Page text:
This site features drawings, illustrations and graphics from Dante's Inferno
This site is an illustrated online edition of Dante's Inferno (also known as Dante's Hell), which is the first book of the Divine Comedy. Abandon all hope all ye who enter here.
Dante's Inferno is a highly symbolic work dealing with themes of sin, salvation, and redemption. Its view of Hell is based on Catholic Christian doctrine at the time of the late Middle Ages and Early Renaissance, the time when Dante wrote his great work.
(See Dante Interpreted: A Brief Summary of the Life, Times and Character of Dante)
The Inferno begins on Good Friday in the year 1300. The poet, 35 years old, has reached middle age according to the standards of the time. He is lost in a deep wood, and unable to find the straight path and harried by allegorical depictions of sin and temptation.
Realizing that he is facing ruin, Dante contemplates suicide, but he is rescued by the spirit of the poet Virgil who conducts him on a journey through Hell. When he enters the gates of hell, Dante sees the famous line "Abandon all hope, ye who enter here". And that is indeed the chief punishment of all the inhabitants of the Inferno: they have no hope of salvation, no hope of release, no hope of any improvement or escape from their punishments.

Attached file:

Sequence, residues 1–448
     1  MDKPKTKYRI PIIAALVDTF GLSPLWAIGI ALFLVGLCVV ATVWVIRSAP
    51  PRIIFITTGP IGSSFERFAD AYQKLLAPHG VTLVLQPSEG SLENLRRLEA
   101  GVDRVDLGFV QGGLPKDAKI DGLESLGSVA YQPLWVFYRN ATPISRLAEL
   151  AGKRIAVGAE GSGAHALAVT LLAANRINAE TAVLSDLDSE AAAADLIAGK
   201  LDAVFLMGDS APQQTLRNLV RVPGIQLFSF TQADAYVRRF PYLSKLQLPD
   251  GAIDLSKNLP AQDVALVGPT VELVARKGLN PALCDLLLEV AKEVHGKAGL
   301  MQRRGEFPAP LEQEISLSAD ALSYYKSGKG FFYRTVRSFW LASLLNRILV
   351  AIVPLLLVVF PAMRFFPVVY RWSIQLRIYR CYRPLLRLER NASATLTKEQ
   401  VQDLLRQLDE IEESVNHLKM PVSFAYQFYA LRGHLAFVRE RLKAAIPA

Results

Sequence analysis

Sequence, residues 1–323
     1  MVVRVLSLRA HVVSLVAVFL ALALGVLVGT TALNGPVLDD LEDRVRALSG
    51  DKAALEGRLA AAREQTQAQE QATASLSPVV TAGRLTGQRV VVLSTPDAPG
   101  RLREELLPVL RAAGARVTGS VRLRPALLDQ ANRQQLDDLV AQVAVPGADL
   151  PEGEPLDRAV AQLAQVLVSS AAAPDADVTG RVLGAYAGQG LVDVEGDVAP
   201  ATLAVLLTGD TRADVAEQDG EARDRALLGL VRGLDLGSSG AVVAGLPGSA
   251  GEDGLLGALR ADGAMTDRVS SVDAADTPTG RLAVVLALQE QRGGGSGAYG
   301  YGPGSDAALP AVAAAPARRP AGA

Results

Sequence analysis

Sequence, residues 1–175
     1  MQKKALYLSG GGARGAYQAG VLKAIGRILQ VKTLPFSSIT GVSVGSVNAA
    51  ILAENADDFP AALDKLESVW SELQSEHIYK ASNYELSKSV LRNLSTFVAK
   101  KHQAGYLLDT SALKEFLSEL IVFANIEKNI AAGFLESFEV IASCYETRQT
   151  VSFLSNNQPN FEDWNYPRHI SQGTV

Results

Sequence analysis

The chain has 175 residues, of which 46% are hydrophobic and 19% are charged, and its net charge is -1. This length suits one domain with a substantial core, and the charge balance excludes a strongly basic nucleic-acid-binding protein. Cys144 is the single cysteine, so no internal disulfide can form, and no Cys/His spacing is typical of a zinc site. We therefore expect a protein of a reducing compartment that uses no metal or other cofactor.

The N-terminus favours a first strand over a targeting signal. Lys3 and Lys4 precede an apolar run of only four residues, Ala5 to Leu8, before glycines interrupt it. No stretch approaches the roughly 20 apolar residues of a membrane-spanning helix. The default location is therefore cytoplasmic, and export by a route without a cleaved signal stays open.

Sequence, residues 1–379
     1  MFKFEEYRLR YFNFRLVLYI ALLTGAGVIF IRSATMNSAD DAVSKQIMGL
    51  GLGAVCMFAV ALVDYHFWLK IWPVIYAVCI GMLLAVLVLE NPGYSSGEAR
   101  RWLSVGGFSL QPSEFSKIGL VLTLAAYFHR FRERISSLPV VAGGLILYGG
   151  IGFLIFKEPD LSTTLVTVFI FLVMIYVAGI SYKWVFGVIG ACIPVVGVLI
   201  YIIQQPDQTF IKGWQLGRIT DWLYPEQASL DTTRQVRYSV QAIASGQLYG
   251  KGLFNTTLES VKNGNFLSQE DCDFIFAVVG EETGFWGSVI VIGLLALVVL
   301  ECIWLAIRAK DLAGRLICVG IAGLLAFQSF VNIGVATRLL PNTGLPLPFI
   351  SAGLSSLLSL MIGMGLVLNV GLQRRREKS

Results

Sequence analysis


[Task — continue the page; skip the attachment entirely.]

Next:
Virgil guides Dante through the nine circles of Hell. The circle of Hell are concentric. Each deeper level holds greater sinners and greater punishments. The deepest circle of Hell is at the center of the Earth and it is here that the chief sinner, Satan, is held bound in a lake of ice for all eternity.
The sinners that Dante encounters in the Inferno are each punished in a fashion befitting their crime. The most severe punishments are reserved for the residents of the lower depths of Hell.
Later, in his journey to Purgatory, Dante will encounter more sinners. But the sinners in Hell are very different from those in Purgatory; these sinners are not repentent and justify their sins. In their conversations with Dante, the afflicted souls of Hell attempt to justify what they did on earth. Despite their punishments they cannot feel remorse. The residents of Hell also have no knowledge of the present; they can only remember the past. This means that when the Final Judgment comes and time is extinguished they will be consigned to oblivion.
The sinners in Hell are all guilty of one or more of the seven deadly sins. Four of of the circles of hell are devoted to punishing these sins in their varous manifestations. (Circle 2-lust, 3-gluttony, 4-greed, 5-wrath). The remaining circles do not correspond exactly to the seven deadly sins.
The nine circles of Dante's inferno were illustrated by Gustave Dore in a series of classic engravings, which are presented here in full.
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